American shooters are still hunting to find affordable ammunition. Even as production has ramped up, prices are still far higher than pre-pandemic levels. This is thanks to high demand, the ongoing supply chain bottlenecks, and record inflation. As a result, it could be well into next year before prices decline even slightly.
Now, another factor could further impact the supply and cost of ammunition in the United States: the war in Ukraine. Many of the raw materials used in the production of ammunition could end up going to military contractors across the world, and nations across Europe have all vowed to increase military spending, which will certainly include beefing up stockpiles of small arms ammunition.
Russian-produced ammunition was also banned as part of the sanctions against Moscow, and those likely won't be lifted anytime soon.
U.S. Ammo Headed to Ukraine
Over the weekend, AMMO Inc. CEO Fred Wagenhals announced that his firm will send one million cartridges to Ukraine following calls from Ukrainian president Volodymyr Zelensky. The ammunition manufacturer will reportedly send the cache of rounds to Ukraine free of charge.
"First of all, I believe in the Second Amendment," Wagenhals, who made his fortune in NASCAR before founding his company, told Fox 10 News in Phoenix. "I also believe in freedom and democracy."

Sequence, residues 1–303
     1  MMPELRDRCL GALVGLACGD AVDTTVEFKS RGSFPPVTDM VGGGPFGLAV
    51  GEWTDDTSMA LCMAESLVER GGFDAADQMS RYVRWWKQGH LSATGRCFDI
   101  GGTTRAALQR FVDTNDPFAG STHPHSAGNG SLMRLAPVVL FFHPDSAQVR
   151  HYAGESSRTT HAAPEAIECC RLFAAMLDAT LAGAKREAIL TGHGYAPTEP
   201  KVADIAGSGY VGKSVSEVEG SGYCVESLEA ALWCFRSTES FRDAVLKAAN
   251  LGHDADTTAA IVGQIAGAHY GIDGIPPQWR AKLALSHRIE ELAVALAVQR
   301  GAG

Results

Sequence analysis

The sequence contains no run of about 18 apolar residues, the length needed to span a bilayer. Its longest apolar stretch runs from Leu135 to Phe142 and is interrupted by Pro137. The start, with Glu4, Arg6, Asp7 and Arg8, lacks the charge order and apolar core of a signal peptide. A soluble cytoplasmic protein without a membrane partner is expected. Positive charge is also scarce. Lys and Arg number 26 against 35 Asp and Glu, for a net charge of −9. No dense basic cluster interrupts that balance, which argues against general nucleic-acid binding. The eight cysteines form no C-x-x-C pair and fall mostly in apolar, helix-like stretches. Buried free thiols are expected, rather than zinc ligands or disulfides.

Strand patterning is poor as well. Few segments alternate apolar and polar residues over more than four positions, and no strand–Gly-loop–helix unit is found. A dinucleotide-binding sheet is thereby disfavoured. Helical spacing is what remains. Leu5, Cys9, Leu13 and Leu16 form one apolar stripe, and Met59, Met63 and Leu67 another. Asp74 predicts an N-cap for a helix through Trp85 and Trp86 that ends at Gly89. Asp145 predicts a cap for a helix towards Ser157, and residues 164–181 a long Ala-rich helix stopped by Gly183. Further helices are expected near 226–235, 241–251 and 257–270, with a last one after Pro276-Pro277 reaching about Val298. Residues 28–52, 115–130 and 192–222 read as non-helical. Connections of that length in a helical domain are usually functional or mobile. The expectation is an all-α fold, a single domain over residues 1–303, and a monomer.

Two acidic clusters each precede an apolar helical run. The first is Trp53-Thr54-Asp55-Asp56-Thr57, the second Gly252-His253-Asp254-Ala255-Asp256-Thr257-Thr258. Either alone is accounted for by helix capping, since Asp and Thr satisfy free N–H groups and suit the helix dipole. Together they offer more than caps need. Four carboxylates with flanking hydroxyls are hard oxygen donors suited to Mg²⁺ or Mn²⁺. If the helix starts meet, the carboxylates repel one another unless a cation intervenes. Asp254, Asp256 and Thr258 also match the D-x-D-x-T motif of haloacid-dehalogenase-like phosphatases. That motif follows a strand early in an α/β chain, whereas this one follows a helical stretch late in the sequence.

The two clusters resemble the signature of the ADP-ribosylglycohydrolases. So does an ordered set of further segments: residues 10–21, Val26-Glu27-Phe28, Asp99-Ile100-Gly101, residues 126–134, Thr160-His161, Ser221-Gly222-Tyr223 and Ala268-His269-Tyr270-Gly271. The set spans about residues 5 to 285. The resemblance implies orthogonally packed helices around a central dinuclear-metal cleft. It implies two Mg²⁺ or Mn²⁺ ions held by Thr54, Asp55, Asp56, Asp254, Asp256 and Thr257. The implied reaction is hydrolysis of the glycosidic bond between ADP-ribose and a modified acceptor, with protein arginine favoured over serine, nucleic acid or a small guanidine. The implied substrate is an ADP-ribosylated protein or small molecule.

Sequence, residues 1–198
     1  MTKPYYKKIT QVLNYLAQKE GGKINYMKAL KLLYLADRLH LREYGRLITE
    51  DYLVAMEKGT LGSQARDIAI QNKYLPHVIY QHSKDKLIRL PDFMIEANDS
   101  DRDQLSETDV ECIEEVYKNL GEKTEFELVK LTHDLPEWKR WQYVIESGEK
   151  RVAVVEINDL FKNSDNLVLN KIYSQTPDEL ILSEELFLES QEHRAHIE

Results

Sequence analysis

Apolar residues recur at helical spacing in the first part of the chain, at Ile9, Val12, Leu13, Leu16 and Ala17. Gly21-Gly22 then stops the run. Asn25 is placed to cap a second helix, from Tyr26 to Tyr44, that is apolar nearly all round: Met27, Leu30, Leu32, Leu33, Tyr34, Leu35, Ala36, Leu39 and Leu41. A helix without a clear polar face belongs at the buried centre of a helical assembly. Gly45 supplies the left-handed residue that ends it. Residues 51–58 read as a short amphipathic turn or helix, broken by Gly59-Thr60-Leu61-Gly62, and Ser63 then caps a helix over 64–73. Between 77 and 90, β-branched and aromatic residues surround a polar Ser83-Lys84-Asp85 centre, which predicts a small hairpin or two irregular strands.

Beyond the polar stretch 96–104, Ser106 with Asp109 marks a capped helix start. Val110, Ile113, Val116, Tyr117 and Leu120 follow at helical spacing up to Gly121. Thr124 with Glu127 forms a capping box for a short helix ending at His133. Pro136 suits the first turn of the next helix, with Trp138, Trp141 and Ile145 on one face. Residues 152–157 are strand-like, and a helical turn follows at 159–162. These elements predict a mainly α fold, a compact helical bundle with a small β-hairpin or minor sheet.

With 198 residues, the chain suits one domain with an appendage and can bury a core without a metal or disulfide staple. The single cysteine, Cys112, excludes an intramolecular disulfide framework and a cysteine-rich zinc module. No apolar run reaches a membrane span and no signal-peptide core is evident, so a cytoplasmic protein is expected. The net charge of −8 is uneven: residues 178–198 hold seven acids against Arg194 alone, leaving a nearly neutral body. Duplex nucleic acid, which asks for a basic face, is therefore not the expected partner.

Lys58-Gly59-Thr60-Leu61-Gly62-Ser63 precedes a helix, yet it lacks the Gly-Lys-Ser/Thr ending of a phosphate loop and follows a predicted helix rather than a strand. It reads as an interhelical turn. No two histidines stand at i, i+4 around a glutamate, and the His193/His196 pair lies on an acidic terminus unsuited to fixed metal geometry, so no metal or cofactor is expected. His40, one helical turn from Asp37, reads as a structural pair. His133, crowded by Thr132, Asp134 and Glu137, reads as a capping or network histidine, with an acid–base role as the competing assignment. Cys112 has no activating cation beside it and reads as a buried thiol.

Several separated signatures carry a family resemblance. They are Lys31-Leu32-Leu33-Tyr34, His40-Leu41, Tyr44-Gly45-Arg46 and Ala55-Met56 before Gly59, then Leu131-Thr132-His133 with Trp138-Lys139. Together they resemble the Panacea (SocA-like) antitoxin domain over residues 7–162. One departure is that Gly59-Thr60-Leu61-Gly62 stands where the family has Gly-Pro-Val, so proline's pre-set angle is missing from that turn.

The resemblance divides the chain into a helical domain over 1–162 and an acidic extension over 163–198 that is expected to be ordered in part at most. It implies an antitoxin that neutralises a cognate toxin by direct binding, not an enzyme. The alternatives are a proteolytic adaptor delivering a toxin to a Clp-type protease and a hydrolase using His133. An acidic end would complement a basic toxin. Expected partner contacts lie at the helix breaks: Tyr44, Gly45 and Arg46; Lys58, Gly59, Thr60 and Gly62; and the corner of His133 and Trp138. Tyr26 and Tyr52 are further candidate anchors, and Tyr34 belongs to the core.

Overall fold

Wagenhals said that he responded to the call Zelensky made when he was offered safe passage out of the capital of Kyiv. Zelensky reportedly told U.S. officials that he needed “ammunition, not a ride."
The ammunition, which would be worth around $700,000, will be produced at the company's facilities in Wisconsin and then will be delivered via a private plane. Wagenhals is now waiting for the green light from the United States government.
"AMMO, Inc. Offers to Donate One Million Rounds of Ammunition to the Armed Forces of Ukraine in Support of Their Fight for Freedom," the company posted on social media last week.
AMMO, Inc. was just the first company to pledge such support. Remington Arms announced on Friday that it would also send a million rounds of ammunition to Ukraine.
"We heard President Zelensky's call. Remington is sending 1M rounds of ammo to Ukraine," Remington also announced via social media.
Though the pledges from the companies earned praise from many on social media, a few individuals expressed frustration that the rounds would be sent overseas even as shelves remain bare in parts of the United States.
"How about replenishing shelves to a reasonable price, before giving away millions of rounds. We could gear up with 5.56 while you replace their needed 7.62x39," wrote one user, while another added, "But you can't send 100 to my local [Walmart], thanks."
As some pointed out, these companies produce billions of rounds annually. According to the National Shooting Sports Foundation (NSSF), the firearms industry trade association, at least twelve billion rounds are manufactured annually in the United States. It is safe to say that American shooters won't be facing a worsening shortage simply because a few companies are offering to help the people of Ukraine defend their homeland.
Peter Suciu is a Michigan-based writer who has contributed to more than four dozen magazines, newspapers and websites. He regularly writes about military small arms, and is the author of several books on military headgear including A Gallery of Military Headdress, which is available on Amazon.com.